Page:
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Book Review
Tank Destroyers of Bundeswehr
Tank Destroyers Gun / Missile of the Modern German Army
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by: Pawel Krupowicz [ VODNIK ]


Originally published on:
Armorama

Introduction
Almost all books in Tankograd’s “Militaerfahrzeug Spezial” series are devoted to descriptions of vehicles used by the Bundeswehr from its creation in 1956 till today and reviewed volume is one of them. It covers the history of development and service of tank destroyer vehicles in the modern German Army.

overview
“Tank Destroyers Gun / Missile of the Modern German Army” by Peter Blume is a bilingual German/English publication, printed on high quality semi-gloss paper in approximately A4 size. The book contains 64 pages with 51 color and 60 black and white photographs plus two diagrams showing the structure of Bundeswehr tank destroyer units. All text in the book, including photo captions is printed in two languages. The quality of photos varies from decent to very good, with the majority being above average.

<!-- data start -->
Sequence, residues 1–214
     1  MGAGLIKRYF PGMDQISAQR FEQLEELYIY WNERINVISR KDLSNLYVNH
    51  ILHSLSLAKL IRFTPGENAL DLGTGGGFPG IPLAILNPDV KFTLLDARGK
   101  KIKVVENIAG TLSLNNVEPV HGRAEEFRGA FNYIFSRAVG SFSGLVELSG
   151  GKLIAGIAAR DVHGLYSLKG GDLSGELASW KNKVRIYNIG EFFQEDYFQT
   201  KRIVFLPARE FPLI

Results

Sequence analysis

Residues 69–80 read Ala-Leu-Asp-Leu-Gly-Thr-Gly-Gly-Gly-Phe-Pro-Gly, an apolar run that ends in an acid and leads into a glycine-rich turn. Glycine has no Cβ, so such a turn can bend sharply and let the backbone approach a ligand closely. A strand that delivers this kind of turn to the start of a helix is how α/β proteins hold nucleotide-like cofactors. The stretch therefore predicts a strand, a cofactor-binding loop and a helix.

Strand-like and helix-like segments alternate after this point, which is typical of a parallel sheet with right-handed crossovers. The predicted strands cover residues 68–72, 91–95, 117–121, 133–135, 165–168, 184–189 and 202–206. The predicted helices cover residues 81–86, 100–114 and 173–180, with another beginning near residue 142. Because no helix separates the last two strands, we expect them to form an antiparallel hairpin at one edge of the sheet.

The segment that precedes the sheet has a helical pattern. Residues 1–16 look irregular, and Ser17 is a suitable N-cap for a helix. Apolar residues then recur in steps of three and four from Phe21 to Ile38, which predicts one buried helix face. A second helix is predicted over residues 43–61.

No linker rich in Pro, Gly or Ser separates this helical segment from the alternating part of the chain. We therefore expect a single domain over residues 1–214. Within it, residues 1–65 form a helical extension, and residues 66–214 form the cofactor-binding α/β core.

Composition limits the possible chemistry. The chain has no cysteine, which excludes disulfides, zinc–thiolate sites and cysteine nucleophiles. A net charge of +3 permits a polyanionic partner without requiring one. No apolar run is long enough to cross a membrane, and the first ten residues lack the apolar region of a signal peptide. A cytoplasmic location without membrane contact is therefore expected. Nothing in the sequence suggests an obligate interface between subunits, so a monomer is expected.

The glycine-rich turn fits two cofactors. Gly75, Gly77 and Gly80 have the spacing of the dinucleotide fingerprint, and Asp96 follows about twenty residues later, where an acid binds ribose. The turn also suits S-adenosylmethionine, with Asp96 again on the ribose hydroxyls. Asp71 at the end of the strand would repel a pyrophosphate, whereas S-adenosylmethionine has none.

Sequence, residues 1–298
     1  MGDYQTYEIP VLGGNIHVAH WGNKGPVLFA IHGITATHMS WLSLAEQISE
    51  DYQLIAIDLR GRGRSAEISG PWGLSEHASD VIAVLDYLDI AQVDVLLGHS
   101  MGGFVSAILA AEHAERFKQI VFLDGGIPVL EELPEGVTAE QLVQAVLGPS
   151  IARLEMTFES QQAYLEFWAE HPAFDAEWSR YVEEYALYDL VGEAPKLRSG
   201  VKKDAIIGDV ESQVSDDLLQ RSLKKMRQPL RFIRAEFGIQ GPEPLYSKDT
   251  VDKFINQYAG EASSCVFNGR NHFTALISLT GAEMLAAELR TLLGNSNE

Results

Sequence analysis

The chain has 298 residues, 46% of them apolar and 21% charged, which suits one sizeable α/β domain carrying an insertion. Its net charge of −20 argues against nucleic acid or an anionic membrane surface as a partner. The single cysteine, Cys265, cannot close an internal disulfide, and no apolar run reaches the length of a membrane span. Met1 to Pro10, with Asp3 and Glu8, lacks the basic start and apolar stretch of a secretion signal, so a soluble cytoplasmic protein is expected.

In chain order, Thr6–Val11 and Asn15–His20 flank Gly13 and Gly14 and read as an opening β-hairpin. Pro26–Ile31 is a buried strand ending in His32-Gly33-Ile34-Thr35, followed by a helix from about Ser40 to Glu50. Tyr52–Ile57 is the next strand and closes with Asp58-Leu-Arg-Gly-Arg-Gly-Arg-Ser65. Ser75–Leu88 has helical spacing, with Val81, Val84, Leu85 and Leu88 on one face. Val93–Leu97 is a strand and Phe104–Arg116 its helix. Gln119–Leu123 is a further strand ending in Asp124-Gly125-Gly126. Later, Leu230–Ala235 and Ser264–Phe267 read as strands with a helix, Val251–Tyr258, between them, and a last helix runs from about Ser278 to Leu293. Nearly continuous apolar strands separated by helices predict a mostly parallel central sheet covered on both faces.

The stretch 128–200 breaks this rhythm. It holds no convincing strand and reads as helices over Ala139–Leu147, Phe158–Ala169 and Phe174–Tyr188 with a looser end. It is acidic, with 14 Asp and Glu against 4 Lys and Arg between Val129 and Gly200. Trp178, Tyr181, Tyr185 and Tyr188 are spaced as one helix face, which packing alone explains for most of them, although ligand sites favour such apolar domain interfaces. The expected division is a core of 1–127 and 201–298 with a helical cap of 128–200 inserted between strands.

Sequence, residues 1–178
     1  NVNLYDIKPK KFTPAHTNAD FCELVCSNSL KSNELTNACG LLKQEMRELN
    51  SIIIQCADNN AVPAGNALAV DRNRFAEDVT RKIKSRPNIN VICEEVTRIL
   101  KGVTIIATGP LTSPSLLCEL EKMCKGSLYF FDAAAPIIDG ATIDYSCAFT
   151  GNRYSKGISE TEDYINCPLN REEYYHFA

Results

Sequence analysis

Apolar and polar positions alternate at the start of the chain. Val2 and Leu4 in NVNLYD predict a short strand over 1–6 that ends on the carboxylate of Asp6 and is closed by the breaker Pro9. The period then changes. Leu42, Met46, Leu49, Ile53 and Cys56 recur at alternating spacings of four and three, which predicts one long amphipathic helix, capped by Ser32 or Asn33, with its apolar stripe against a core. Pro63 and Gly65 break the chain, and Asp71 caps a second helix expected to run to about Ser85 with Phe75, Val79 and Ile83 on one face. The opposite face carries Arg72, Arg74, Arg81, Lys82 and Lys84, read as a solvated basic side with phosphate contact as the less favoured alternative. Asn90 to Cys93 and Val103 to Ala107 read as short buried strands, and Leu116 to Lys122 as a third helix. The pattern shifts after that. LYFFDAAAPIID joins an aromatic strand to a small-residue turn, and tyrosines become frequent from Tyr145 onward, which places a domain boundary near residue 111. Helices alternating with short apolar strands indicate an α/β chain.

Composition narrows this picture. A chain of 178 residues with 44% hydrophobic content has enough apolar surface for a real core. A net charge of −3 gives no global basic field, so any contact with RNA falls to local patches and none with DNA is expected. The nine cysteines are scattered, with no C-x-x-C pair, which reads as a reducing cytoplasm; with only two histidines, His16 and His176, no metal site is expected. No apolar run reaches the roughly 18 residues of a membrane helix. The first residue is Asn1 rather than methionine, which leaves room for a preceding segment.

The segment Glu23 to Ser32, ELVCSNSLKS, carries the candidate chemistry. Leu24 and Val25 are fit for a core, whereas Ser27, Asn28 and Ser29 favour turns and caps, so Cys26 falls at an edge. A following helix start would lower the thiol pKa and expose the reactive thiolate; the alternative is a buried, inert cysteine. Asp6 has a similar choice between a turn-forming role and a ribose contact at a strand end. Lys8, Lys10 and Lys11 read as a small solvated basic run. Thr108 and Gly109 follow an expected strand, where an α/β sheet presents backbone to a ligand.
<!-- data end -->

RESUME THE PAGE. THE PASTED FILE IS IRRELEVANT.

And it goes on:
in depth
There are ten chapters in the book, some of them further divided into sub-chapters:

- “Tank Destroyers Gun / Missiles of the Modern German Army” – this chapter contains short introduction to the history of the Bundeswehr and the use of tank destroyer vehicles by German Army, including some references to the tradition of use of such weapons during WW2.

- “Tank Destroyer, Gun, Kanonenjagdpanzer HS 30 (Jagdpanzer 1-3)” – the chapter covers the history of development of the first, rather unsuccessful Bundeswehr tank destroyer based on HS 30 AFV. It includes three b&w photos.

- “Tank Destroyer, Gun, Kanonenjagdpanzer 4-5” – in three sub-chapters this chapter covers in detail the development and service history and technical description of the first successful post-WW2 German tank destroyer design. Mentioned is also a fate that met some of them when their service life ended in the early 1980s, i.e. conversion to Jaguar 2 vehicles or Beobachtungspanzer (Observation Tanks) or Beobachtungs-/Fuehrungspanzer (Observation / Command Tanks). Included in the chapter are 22 b&w and 9 color photographs, including a few pictures of vehicles converted to observation tanks.

- “Tank Destroyer, Missile, Raketenjagdpanzer 1 HS 30 (Jagdpanzer, Rakete, JPz 3-3)” – the chapter provides a description of the first German anti-tank missile armed tank destroyer, also based on HS 30 AFV. There are eight black and white photos included.

Next three chapters:
- “Tank Destroyer, Missile, Raketenjagdpanzer 2”,
- “Tank Destroyer, Missile, Raketenjagdpanzer JAGUAR 1”,
- “Tank Destroyer, Missile, Raketenjagdpanzer JAGUAR 2”,